You're not obliged to tip your server – but should you, asks Vicki Notaro
It's a cold winter's night and you can't be bothered cooking after a long day at work. Billboard advertising on the commute home has been urging you to order takeaway online.
You don't even need any cash handy, as it can all be paid for by card.
So far, so easy, but when the driver arrives with your dinner, you're seized with indecision – do you tip him or not? If you paid a delivery charge does he benefit? Does this guy depend on tips or are his wages reflective of the job? If you have a spare euro or two in your pocket, you might awkwardly hand it to him as you juggle your Chinese and prawn crackers.
But if not, should you be worried? In future, will he wait until your dinner's cold to drop it off? Will your name end up on a dreaded blacklist of cheapskates in the area? Tipping may be technically at your discretion, but what are the ramifications should you decide to eschew it?
Andrew Hogg owns two Domino's franchises that offer free pizza delivery in North Dublin, and is a former delivery driver himself.
He assures me that mythical lists of bad tippers don't exist on the takeaway circuit, and that drivers don't expect a tip but of course one is always welcome.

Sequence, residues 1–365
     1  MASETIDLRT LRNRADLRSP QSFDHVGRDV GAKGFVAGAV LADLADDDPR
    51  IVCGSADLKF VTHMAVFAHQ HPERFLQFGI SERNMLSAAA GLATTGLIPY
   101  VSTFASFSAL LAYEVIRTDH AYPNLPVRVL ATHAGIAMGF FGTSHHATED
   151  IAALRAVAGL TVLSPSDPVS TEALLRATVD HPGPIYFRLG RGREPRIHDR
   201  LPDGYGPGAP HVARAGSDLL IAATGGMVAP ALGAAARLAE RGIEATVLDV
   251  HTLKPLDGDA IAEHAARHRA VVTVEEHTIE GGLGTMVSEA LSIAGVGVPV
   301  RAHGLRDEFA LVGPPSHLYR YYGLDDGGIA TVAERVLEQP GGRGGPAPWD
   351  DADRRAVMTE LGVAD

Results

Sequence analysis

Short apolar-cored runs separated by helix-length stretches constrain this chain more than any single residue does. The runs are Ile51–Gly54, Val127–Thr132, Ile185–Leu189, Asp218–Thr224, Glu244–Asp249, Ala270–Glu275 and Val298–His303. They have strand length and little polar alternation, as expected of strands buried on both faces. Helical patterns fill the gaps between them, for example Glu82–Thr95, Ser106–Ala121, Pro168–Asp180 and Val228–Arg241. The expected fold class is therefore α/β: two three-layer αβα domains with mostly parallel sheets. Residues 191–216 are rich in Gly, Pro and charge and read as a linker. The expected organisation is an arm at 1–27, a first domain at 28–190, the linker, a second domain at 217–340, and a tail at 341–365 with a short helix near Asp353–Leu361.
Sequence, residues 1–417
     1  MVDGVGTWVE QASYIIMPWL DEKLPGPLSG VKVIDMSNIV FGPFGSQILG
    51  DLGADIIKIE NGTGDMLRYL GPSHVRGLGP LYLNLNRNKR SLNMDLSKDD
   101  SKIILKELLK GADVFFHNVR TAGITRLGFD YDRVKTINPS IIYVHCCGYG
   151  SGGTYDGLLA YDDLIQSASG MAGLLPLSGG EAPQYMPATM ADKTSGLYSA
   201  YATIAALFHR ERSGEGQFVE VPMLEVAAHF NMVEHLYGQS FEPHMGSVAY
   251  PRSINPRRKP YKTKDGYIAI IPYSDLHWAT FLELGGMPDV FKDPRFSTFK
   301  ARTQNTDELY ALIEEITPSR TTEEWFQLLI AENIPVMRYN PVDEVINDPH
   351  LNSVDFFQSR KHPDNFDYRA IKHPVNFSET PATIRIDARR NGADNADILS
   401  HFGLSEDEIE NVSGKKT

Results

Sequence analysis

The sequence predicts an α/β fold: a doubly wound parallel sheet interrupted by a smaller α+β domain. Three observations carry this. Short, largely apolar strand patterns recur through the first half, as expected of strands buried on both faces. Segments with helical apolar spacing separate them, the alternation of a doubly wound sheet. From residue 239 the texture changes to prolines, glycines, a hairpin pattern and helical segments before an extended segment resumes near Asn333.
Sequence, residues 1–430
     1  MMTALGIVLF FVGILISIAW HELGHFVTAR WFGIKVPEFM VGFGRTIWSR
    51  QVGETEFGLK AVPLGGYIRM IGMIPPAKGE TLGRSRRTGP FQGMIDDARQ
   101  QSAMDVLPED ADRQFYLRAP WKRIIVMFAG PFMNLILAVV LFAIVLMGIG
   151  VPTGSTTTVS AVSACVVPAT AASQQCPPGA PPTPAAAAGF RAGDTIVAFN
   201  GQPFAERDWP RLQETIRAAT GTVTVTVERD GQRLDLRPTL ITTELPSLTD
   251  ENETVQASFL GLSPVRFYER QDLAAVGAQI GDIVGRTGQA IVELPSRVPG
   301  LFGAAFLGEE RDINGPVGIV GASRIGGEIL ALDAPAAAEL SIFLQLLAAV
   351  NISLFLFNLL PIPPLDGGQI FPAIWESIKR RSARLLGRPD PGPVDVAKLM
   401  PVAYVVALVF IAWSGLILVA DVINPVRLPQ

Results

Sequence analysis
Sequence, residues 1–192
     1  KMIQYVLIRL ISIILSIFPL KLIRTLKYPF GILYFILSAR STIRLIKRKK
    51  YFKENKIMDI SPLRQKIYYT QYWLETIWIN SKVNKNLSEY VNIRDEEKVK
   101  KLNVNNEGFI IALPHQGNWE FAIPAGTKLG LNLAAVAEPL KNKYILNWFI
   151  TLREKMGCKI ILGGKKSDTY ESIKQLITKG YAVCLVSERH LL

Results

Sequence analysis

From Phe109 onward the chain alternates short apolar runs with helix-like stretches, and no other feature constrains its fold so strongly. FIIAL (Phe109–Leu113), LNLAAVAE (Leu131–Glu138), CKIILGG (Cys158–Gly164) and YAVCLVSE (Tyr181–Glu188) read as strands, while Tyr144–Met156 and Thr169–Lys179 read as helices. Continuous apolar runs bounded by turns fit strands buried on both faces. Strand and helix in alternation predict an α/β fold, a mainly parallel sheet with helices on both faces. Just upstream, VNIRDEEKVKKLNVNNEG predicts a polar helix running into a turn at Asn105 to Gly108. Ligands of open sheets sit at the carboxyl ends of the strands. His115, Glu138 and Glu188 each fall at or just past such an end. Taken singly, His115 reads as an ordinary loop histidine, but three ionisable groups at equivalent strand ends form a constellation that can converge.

"Delivery drivers for Domino's are not employed by the company.
They're independent contractors, and while they do receive tips, they're not dependent on them.
"They're paid a good rate per delivery, and invoice at the end of the month."
Tipping in the US is a different affair.
"In many ways, tipping in Ireland is a bit more about 'playing it by ear' rather than about tried and tested rules of tipping that you find in the US," explains consumer expert and columnist Tina Leonard.
I'm personally inconsistent – sometimes I'll tip a tenner for a hair cut, while other times I'll give the taxi driver the exact amount.
I've taken to using the Hailo app for my cabs around Dublin lately, which gives you the option to add a tip when paying by card.
In America, tipping is not just customary but necessary.
I've been chased down a New York street for only leaving a 13pc tip instead of 15pc by the waiter.
Mortifying for all involved as you can imagine, it instilled an over-tipping-in-restaurants compulsion in me on both sides of the Atlantic.